Yes, tomorrow is the first day of Winter.  The sun at its peak will be the lowest in the sky it is all year.  But cheer up folks, the days will get longer from here on out.

After all, it’s going to be in the low 80s here in South Florida.

Mexican Petunia In Bloom Picture

Perhaps this blog has been a bit heavy on pictures lately, I’m not sure.  On the other hand, I’ve got a lot to take pictures of.   I live in a land named after flowers and people do seem to enjoy looking at them.

When you have a blog or any web site, you can find out what people like to read about by looking at your analytics and web page “hits” and fill in the blanks.  In the case of this site, people seem to hit my posting on propagation of Mexican Petunias.  These Ruellias are all over the neighborhood.  Here they are as common as Hosta are up North. 

I was walking past the neighbor’s house the other day and these three purple beauties were lined in a row.  Once I allowed the wind to die down, They lined up and smiled at me as such. 

I am considering my options with these plants.  In front of my house I have a small garden.  I had pulled out all the ferns that grew there as they were climbing up the Japanese Yew that I have on the corners of the windows and would grow outside of the flower box.  Ferns have their own charm but they are only green.  They have no other colour.  In the case of the Mexican Petunias, I’d get that same dark green and a welcome touch of purple to add to it.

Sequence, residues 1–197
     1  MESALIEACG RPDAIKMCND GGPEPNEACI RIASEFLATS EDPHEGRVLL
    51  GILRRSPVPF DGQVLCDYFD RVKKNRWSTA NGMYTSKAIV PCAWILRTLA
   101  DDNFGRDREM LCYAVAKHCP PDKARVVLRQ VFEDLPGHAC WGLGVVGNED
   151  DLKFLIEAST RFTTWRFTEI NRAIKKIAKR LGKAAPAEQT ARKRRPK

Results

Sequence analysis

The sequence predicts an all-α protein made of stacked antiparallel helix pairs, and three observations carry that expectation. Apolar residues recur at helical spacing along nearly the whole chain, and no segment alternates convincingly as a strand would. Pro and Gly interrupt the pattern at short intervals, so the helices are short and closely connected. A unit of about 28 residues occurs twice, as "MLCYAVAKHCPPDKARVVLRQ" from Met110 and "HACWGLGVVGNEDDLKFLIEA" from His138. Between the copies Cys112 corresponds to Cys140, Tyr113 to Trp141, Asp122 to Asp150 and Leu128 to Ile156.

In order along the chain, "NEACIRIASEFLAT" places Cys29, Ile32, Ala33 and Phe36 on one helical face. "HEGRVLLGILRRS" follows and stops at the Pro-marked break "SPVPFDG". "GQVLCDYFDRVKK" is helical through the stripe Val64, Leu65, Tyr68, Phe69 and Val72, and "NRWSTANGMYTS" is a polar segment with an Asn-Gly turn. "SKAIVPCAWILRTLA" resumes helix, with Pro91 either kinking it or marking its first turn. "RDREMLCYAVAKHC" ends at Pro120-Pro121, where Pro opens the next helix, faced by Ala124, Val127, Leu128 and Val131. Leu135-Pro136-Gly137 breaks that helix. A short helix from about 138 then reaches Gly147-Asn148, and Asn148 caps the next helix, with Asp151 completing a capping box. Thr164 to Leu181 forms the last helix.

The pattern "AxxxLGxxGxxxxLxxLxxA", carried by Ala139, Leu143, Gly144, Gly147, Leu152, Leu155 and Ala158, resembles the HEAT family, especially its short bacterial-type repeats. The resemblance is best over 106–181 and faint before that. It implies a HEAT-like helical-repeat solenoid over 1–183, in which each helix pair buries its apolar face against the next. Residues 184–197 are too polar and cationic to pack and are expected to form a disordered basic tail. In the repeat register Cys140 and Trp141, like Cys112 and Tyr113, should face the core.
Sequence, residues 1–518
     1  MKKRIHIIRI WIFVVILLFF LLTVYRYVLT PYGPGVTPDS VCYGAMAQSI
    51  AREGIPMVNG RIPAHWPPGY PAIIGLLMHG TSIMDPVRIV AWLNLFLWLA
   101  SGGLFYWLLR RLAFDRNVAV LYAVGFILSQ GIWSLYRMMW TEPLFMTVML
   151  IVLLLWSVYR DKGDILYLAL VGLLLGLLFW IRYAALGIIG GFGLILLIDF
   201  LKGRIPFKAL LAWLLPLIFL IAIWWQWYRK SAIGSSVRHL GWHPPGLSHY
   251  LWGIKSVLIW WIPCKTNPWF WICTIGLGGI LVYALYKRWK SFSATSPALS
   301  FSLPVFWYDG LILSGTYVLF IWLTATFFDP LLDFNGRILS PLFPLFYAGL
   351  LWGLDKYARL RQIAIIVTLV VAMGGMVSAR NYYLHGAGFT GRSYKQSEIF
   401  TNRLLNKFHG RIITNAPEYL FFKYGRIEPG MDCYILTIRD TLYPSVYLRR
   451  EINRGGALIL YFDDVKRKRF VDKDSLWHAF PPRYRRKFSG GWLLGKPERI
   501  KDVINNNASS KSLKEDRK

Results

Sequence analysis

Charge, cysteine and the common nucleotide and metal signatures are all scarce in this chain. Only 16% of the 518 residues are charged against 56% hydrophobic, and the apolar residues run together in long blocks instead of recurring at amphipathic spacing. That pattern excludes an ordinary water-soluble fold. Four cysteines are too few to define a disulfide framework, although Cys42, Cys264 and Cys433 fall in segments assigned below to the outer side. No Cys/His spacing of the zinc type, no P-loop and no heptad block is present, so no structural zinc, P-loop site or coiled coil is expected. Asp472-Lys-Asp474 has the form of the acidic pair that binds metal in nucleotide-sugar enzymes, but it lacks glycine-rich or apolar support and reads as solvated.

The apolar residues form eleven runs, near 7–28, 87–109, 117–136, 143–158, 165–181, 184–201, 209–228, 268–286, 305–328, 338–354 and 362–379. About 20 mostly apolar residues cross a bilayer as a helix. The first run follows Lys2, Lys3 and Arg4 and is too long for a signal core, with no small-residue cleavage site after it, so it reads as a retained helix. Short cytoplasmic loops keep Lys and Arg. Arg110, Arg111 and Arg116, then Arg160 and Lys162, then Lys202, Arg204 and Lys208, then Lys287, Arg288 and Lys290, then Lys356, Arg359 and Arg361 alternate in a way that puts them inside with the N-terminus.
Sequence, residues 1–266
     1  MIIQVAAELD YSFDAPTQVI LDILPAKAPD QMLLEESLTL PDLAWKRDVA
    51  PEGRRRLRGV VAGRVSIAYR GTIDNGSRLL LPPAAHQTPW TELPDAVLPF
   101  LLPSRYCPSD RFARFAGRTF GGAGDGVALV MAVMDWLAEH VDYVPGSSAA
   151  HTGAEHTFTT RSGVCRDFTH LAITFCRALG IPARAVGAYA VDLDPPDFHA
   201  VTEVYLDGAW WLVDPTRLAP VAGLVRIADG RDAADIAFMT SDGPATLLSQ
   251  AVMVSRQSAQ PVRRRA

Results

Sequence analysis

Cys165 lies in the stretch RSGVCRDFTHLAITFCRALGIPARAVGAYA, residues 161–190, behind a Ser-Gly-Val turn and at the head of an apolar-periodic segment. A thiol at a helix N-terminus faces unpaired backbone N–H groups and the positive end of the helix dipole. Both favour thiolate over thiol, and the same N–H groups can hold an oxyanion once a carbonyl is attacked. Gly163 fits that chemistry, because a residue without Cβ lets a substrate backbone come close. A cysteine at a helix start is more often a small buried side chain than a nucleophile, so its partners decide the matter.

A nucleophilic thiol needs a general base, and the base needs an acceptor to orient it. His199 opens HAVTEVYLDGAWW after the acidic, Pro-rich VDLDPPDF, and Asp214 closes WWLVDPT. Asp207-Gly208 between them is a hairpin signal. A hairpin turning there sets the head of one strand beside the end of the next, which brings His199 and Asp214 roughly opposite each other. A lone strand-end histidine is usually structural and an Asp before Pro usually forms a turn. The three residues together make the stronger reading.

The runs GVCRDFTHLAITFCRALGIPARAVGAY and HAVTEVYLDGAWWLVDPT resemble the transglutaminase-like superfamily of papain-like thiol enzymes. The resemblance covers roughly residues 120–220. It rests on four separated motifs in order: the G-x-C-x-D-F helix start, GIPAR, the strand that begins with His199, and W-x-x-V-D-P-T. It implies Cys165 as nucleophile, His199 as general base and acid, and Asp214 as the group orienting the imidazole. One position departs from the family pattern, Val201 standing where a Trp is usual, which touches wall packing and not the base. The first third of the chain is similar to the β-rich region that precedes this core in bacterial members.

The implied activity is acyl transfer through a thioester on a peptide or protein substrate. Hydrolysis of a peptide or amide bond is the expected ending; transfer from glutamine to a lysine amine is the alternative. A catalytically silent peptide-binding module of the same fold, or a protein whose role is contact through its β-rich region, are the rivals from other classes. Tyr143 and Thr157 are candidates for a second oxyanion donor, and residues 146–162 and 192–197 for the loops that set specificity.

Since I am a fan of propagating your own plants, I could go through that box with a weed eater and get rid of what is left and have a nice clean bit of sand that is under irrigation.  That is all one needs when you are trying to propagate Ruellia.  Irrigated soil.   I know this because that was all I had done for a pot of the stuff before.   Cuttings from the garden that climbed inside the fence got stuck into a pot and almost all of them rooted and bloomed.  It looked rather nice for a while until that irrigation line got cut and we went into the dry season.   It took a while before I noticed and now that pot has a trumpet flower tree in it and some other odds and ends like Poinsettia.

So if you’re looking for Propagation of Mexican Petunia, take a cutting, stick it in a hole, water well.  The plant should take.   If you have patience that would be about all you need.